It gives life to the body and therefore it also gives the power of sensation to our sense organs and then to our inner senses of imagination and memory. And then it has its own proper spiritual powers of the intellect and the will of knowing and loving. So all those things we are able to do that constitutes our life practically is our life, soul, and body with senses, imagination, memory, emotion, will, and understanding. That’s basically all of our experience except for our vegetative functions, which I don’t need to go into. They’re also vital, like sleeping and eating and [crosstalk 00:03:34]. Right, right. That kind of thing. So that natural life that we have, God elevates by the bestowal of his grace, meaning that he gives, you might say to the essence of our soul, almost like a soul of our soul, his divine grace, meaning his actual presence in a new way in our soul making us sharers in the life, which is proper to him.

Now, we just said what our human life is like, that we’re reasoning beings that have the power to love. And that can imagine, remember, have feelings and sense things, all of that. But then God gives us a share in his own divine nature, which of course is utterly and completely disproportionate to our created human nature. It’s so far beyond us that it’s not a kind of life that we could ever acquire on our own. It just is given as a free gift. But when he does that, he does that by effecting the innermost sanctuary of our soul. We sometimes think of grace as being something that we get in our mind or our will to enable us to do something right. But it’s actually a new way of being a new way of existing.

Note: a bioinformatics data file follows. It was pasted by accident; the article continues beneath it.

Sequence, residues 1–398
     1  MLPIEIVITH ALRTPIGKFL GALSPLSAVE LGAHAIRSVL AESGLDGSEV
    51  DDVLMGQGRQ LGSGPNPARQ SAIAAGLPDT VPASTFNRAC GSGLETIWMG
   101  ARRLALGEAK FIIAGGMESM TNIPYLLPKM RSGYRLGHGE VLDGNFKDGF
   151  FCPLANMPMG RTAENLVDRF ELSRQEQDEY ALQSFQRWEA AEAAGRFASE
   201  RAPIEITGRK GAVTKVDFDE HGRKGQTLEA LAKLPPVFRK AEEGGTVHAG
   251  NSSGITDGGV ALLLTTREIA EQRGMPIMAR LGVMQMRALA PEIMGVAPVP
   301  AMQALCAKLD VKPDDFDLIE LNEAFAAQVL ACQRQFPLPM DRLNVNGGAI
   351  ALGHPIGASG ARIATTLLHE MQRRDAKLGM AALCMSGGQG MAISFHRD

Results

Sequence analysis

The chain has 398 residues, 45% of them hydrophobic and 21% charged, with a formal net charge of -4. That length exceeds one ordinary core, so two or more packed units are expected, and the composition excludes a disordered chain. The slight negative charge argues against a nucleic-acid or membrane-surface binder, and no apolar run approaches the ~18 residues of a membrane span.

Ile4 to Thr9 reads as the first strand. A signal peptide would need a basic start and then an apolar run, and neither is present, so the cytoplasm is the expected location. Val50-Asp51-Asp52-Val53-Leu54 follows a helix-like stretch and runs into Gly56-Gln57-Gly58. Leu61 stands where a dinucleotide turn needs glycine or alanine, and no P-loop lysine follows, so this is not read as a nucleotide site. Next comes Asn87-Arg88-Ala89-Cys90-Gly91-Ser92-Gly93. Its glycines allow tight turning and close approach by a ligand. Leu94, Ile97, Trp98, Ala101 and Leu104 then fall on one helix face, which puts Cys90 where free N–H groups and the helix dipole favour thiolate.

That’s what I would say when you’re in Christ, you’re a new creation. There’s a new way of existing. St. Thomas goes so far as to say that that grace has said to be created. And so far as were created, according to it, namely we’re given a new being out of nothing. That is our human soul becomes also alive with the vital principle, which is the very life of God, himself, infinite, all wise, all pure, always existing, all of those things. So God does that in the essence of our soul, that is not in any of the soul’s powers directly. Like he doesn’t just elevate our intellect or our will or our feelings. He elevates us in our very, being to give us a new life. Now from that life flow forth, all of our powers. So we get the grace of God. And what does that grace do? It flows into our powers so that we have the virtues like justice in the will and temperance in the will and fortitude in the will or the dealing with our passions of fear and pleasure.

CK:
When you say it flows into all these, does it do so immediately or over time?

FHB: